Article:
US Higher Education holds a special relationship to voter registration.
The 1998 reauthorization of the Higher Education Act requires all postsecondary Institutions to make a good-faith effort to distribute voter registration forms to each degree- or certificate-seeking student who attends classes on their campus.
Participation in the election process in America is a constitutional right granted to everyone over 18 years of age. This provides every person with the opportunity to voice their choice in electing persons to office and helping to set the direction of our government. Individual involvement in the process allows us to exercise our franchise to vote and in so doing demonstrates our interest in accepting our responsibility as good citizens.
The 1998 Higher Education Act requires ‘all post-secondary institutions to make a good-faith effort to distribute voter registration forms to each degree- or certificate-seeking student who attends classes on campus.’ The forms, which are supplied by each state, must be distributed before the registration cut-off date for every federal and gubernatorial election, as well as special elections for federal office.
Title IV – Student Assistance, Part G – General Provisions 489. Program Participation Agreements.
PROVISION OF VOTER REGISTRATION FORMS
(1) PROGRAM PARTICIPATION REQUIREMENT- Section 487(a) (20 U.S.C. 1094(a)) is amended by adding at the end the following:
(23)(A) The institution, if located in a State to which section 4(b) of the National Voter Registration Act (42 U.S.C. 1973gg-2(b)) does not apply, will make a good faith effort to distribute a mail voter registration form, requested and received from the State, to each student enrolled in a degree or certificate program and physically in attendance at the institution, and to make such forms widely available to students at the institution.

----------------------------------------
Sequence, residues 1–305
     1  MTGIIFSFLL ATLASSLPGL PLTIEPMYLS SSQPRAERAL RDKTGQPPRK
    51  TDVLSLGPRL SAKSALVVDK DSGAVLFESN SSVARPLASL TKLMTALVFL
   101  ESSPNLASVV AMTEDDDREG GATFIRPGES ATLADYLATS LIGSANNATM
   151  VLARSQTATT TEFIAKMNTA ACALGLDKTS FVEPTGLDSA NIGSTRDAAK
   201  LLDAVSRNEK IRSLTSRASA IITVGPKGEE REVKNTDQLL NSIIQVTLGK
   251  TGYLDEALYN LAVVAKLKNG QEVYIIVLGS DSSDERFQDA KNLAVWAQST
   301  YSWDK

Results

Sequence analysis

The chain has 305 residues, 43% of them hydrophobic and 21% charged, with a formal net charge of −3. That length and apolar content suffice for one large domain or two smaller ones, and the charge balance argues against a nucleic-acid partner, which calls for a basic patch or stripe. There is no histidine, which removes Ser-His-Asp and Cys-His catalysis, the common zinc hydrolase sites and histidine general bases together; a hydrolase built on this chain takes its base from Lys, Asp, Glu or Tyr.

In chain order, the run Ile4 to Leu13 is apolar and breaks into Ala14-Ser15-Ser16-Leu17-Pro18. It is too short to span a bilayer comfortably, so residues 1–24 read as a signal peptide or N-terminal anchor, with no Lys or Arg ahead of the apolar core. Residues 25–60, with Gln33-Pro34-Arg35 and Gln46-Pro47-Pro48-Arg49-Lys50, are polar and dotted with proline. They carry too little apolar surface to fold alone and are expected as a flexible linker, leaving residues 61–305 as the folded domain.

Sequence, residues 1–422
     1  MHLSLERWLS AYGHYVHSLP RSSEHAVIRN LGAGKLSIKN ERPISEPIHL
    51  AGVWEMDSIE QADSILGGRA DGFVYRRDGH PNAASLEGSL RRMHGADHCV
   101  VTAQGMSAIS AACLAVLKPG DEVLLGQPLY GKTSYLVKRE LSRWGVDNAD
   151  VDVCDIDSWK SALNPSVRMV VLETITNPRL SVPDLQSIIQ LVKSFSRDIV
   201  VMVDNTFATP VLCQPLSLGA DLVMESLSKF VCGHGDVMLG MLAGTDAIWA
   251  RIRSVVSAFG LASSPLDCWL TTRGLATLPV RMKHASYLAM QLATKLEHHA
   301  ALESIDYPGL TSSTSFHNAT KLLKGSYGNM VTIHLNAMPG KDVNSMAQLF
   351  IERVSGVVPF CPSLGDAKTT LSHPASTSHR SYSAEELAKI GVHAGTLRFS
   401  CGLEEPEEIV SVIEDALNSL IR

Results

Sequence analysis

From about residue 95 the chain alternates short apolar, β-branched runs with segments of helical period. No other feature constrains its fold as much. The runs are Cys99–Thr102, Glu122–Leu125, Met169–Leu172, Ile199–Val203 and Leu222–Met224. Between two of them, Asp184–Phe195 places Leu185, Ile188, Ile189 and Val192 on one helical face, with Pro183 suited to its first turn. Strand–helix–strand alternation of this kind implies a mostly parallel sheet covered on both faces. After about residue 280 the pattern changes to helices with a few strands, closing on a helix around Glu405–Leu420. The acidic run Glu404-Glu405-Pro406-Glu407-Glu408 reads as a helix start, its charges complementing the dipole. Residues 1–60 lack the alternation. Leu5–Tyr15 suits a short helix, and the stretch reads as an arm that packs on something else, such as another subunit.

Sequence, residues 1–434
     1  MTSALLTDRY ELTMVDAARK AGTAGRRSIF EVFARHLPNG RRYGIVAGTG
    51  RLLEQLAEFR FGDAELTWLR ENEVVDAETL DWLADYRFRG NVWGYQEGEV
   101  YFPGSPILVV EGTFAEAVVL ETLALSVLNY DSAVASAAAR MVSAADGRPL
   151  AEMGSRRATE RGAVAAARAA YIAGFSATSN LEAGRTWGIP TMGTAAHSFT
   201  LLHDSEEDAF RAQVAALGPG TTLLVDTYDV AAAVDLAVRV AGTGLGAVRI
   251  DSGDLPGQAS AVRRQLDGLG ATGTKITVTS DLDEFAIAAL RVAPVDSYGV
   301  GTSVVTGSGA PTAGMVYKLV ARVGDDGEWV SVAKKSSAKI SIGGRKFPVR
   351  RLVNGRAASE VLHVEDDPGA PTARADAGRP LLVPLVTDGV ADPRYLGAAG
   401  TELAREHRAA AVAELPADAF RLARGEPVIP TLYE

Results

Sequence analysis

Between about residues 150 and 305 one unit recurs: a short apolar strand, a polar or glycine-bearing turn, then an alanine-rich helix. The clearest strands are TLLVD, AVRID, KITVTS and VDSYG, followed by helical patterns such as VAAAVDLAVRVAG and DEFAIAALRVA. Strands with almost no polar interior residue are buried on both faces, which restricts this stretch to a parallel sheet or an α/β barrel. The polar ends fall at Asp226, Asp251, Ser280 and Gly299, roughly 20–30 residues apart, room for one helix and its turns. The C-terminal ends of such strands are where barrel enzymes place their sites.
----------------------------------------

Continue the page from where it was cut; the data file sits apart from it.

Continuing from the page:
(B) The institution shall request the forms from the State 120 days prior to the deadline for registering to vote within the State. If an institution has not received a sufficient quantity of forms to fulfill this section from the State within 60 days prior to the deadline for registering to vote in the State, the institution shall not be held liable for not meeting the requirements of this section during that election year.
(C) This paragraph shall apply to elections as defined in section 301(1) of the Federal Election Campaign Act of 1971 (2 U.S.C. 431(1)), and includes the election for Governor or other chief executive within such State).
(2) REGULATION PROHIBITED- No officer of the executive branch is authorized to instruct the institution in the manner in which the amendment made by this subsection is carried out.
Postsecondary institutions must request registration forms from the state at least 120 days prior to the deadline for registering to vote. The state must deliver the forms to you 60 days prior to the registration cut-off date. (If they do not, you no longer have to fulfill the mandate). Once you receive the forms, distribution is up to you.
The National Voter Registration Act (NVRA), which took effect in most states in 1995, requires each state to:
* There are some exceptions to the law. New Hampshire and Wisconsin town, village, and city clerks will accept the form only as a request for their own mail-in absentee voter registration form. North Dakota does not have voter registration. Wyoming cannot accept this form under state law. States that accept the national form now will accept copies of the application printed from the computer image on regular paper stock, signed by the applicant, and mailed in an envelope with first class postage. Some relatively minor modifications were made to the form under the Help American Vote Act of 2002 (HAVA). Visit www.fec.gov for details.
The law requires the federal government to:
In addition, most states allow registration using the national voter registration form developed by the Election Assistance Commission. This form, which contains mailing instructions and voter registration deadlines for the District of Columbia and all 50 states, may be found by visiting one of the following links.